Next, I moved on to my right, towards one end of the small road-bridge. This was a place more suited for a wide-angle shot. I had to remove the filter, the step-up ring, place the lens cap, unmount the lens, mount the 25mm lens and store the 50mm lens back in the bag… all these things while standing on the road side with a shoulder camera bag. No matter what the travel gurus might say, shoulder camera bags (or messenger bags) are the easiest to use. And yes, I forgot to mention that I also removed the lens cap and kept it in my hip-pocket as usual (Lens caps and gravity), all the while holding on to the ND filter carefully.

The framing with the 25mm lens seemed to include some extra elements in the composition which I could do without. Anyway, I went ahead with the photography. The extra elements were on one edge of the frame and could be easily cropped out in post-processing (Cropping Tool). Focused the scene, mounted the ND filter and reduced the ISO to 50. A wide-angle lens requires a longer exposure than a normal lens for the same motion blur. This is due to the wide angle of view, that the same object is required to travel a longer distance for a similarly good motion blur. The exposure time was a little less than a minute. Sure, the leaves blurred out a little due to the winds but then the silky flow of the water, makes up for that.


(Cascade photographed with a 25mm lens)


The way back

Crowded places are not my favorites, so traveling all the way to Nainital was never my intention. After photographing the cascade, I turned back. A little lower down on the hill road is a nice cafe named ‘Mr Lee’. It is said that they serve authentic Chinese food. Authentic or not, it does serve delicious preparations. My favorites here are the ubiquitous momos. While I sat there in the cafe, waiting for the momos, I wondered how the dish so simple as this can become one of the world’s favorite. English speakers have their dumplings, Russians have pelmeni, Chinese love their dimsums and Indians are crazy about the Tibetan momos.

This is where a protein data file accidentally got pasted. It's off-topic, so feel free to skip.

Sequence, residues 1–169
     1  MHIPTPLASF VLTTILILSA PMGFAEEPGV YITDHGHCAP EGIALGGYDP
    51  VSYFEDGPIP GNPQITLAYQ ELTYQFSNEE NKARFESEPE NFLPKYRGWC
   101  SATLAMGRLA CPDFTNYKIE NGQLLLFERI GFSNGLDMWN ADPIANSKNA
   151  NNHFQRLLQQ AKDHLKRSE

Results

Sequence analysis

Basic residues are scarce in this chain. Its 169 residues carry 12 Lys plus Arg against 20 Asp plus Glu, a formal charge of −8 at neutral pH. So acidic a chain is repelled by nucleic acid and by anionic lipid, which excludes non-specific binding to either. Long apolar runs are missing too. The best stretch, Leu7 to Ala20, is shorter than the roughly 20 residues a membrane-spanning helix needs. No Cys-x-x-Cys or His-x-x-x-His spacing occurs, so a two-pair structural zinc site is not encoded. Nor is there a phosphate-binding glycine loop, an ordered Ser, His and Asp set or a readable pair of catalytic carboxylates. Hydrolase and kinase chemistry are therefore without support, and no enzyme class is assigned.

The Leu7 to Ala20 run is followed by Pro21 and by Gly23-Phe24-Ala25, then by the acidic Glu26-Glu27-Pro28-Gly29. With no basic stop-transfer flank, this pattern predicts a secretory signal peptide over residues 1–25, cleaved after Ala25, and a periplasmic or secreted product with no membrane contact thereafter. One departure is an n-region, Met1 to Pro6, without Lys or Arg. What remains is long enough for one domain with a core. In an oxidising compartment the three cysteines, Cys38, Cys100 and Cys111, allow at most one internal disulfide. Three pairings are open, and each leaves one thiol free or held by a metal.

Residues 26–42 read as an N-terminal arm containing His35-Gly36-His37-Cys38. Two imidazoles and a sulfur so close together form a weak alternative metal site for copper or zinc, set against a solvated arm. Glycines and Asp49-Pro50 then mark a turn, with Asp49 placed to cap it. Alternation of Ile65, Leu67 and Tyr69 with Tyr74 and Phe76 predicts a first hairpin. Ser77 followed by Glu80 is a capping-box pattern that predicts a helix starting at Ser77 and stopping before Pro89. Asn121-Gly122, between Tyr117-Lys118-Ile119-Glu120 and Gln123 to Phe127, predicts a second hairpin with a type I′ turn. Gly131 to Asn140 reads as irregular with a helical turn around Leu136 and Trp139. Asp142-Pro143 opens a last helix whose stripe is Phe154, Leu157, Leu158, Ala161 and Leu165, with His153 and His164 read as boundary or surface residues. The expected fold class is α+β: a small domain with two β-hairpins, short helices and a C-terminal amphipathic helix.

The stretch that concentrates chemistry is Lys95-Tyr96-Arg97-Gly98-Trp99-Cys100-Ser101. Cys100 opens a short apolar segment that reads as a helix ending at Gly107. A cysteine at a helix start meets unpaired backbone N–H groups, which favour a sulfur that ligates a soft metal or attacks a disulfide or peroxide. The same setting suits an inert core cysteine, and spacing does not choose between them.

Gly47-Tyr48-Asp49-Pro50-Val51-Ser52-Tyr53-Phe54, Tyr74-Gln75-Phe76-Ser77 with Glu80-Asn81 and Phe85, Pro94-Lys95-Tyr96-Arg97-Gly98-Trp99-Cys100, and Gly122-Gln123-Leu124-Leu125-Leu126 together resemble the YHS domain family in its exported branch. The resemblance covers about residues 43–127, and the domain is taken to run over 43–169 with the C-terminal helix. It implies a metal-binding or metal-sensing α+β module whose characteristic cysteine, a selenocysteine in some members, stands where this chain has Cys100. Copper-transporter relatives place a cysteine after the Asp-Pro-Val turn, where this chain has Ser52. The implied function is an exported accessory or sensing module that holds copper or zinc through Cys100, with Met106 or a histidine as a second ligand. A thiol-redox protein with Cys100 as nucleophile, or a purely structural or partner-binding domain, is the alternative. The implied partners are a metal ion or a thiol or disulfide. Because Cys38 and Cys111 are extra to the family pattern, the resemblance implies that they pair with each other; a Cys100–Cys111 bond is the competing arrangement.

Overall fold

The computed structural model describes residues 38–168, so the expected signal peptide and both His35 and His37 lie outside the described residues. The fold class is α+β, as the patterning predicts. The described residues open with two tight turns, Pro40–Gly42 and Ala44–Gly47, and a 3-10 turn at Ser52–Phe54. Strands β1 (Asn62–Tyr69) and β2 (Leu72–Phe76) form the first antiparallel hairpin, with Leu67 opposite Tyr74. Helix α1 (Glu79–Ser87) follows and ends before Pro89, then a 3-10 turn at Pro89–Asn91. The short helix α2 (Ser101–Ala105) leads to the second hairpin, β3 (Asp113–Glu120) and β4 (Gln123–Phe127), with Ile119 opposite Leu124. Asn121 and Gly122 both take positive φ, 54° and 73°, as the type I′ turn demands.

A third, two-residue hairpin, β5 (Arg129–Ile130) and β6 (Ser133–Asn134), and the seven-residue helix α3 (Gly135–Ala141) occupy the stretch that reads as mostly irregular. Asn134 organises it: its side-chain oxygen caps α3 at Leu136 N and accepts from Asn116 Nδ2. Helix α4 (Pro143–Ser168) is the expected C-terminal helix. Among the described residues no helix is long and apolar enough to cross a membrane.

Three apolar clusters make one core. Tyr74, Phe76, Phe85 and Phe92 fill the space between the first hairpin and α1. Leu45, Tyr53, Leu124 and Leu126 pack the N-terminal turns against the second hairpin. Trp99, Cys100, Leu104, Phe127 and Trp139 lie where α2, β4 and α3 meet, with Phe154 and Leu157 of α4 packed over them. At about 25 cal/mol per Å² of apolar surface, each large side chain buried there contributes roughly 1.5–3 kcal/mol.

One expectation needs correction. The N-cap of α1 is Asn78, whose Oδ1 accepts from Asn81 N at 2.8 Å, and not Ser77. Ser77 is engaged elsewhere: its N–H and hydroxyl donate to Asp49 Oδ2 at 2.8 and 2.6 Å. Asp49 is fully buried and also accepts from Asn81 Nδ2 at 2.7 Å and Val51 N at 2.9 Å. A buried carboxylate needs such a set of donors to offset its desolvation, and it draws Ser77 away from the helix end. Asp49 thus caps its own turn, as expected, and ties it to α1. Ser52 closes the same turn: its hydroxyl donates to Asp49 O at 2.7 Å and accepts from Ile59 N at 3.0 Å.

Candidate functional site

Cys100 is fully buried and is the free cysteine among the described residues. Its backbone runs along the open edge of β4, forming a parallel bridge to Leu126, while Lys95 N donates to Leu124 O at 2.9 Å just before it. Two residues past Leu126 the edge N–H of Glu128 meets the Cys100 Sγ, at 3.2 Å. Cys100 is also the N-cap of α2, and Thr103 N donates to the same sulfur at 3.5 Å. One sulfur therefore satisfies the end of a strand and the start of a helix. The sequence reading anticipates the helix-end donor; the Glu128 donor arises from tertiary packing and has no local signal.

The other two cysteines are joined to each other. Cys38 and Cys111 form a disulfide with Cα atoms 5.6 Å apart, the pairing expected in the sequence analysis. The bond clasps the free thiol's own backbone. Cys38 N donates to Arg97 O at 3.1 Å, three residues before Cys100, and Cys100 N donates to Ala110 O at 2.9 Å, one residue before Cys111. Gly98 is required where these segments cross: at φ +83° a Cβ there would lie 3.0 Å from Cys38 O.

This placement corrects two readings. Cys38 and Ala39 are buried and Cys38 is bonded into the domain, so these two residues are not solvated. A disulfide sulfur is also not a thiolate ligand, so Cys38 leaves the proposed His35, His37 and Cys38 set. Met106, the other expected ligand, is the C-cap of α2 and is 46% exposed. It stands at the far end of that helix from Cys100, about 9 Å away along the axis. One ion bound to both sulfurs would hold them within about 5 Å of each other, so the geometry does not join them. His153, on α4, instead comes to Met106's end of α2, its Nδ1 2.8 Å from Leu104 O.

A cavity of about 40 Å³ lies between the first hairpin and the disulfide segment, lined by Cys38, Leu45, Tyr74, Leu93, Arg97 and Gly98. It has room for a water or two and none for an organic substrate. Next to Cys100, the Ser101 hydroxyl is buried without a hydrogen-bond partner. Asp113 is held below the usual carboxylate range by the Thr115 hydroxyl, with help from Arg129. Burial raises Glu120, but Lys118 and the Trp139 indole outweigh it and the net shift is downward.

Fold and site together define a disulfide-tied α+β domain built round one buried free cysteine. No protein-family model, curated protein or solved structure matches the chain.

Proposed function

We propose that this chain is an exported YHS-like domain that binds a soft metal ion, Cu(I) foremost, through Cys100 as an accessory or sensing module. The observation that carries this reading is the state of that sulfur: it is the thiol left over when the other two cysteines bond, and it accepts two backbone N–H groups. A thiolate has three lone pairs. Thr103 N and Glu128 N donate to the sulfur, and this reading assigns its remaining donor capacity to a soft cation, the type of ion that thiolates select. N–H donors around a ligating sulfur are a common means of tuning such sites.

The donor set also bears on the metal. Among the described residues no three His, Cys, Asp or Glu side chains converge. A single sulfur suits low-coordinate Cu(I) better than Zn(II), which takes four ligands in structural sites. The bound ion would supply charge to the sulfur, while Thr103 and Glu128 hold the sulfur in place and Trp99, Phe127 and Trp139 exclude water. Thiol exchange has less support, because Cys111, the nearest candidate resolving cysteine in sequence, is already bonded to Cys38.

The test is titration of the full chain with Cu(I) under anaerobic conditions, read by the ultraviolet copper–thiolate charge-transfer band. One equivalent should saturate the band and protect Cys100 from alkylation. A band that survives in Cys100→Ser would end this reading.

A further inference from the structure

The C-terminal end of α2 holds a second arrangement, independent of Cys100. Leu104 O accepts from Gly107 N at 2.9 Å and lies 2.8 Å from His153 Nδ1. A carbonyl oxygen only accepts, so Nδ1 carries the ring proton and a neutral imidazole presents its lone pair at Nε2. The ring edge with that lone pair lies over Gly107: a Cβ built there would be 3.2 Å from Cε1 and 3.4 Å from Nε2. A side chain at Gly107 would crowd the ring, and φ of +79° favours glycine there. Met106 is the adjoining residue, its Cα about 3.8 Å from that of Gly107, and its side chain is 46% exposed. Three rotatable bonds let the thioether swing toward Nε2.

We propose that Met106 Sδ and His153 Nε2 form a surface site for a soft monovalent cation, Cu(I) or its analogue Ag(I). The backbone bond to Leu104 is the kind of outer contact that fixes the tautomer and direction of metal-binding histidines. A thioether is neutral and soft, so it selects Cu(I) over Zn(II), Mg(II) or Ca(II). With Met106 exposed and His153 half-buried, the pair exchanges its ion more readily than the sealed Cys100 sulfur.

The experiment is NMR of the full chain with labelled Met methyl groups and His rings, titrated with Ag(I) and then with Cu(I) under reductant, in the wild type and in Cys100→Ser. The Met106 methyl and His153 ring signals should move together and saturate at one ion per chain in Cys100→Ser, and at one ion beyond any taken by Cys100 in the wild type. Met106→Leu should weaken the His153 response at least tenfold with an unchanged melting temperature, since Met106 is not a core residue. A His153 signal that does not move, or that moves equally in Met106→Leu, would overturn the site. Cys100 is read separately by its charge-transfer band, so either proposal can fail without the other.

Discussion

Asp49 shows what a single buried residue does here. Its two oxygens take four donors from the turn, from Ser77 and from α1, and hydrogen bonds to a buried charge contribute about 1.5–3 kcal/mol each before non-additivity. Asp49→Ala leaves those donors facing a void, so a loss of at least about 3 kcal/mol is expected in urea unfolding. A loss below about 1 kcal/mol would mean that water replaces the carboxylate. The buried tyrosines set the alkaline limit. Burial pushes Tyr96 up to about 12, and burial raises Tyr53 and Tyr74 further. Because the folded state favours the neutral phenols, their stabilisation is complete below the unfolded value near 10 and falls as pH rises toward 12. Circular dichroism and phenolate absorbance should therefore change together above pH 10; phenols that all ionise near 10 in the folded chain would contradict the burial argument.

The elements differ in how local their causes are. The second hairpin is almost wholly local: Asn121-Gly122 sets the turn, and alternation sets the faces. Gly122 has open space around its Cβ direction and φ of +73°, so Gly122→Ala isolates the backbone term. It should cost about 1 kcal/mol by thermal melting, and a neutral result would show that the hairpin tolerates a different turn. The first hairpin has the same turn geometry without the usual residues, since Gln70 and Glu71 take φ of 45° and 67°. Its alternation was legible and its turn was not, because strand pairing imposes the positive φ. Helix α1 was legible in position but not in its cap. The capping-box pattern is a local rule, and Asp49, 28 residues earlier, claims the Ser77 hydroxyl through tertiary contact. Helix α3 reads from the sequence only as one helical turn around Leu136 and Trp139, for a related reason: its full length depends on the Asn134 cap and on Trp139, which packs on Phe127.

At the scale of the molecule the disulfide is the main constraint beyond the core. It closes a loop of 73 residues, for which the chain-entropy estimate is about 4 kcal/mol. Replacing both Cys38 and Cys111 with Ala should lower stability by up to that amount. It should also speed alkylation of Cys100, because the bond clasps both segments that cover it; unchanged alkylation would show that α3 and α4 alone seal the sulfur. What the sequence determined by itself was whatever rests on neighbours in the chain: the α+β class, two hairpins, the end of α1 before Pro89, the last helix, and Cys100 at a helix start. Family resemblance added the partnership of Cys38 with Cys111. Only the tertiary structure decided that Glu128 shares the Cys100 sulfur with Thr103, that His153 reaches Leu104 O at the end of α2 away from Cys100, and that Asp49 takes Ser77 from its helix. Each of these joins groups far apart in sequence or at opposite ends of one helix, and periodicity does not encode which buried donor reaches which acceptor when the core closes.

Letting the hot momos wait while I photographed them would have been a disrespect to the momos. If you want to read between those lines – On seeing the momos, I forgot about the camera and did not capture any photographs for this article. If you happen to visit this part of India, do try out the momos there.


Further down the road, there was yet another small waterfall. This was also just next to the road and the bridge built on it seemed in a better shape than the one on the cascade above.

Out came my camera and tripod. Within no time, everything was set and I was ready to photograph this waterfall. The luck was not with me. While the exposure was taking place, the clouds gave way to bright sun which happened to shine down directly on front of my lens (ND filter actually). I had to reduce the exposure length as the waterfall was also lit up. Still the sun ended up playing spoil-sport. The photograph was ruined with a streak of bright light all across the mid of the frame, all the way from top to bottom. The sun got brighter and brighter. I packed everything up.

Waterfalls and Glare

(Recovered photograph of the waterfalls. This was the best I could do from the spoilt raw image.)


A day well spent! Captured two good photographs, enjoyed a nice lunch and remembered some of the good times I had spent with my grandmother.

Rainy season does not necessarily mean low spirits. (… and that reminds me of the approaching evening and gives me an idea about what to do now. 😉 )


Further Reading –
On the trail of Cascades & Waterfalls
Mountain Stream & Long Exposures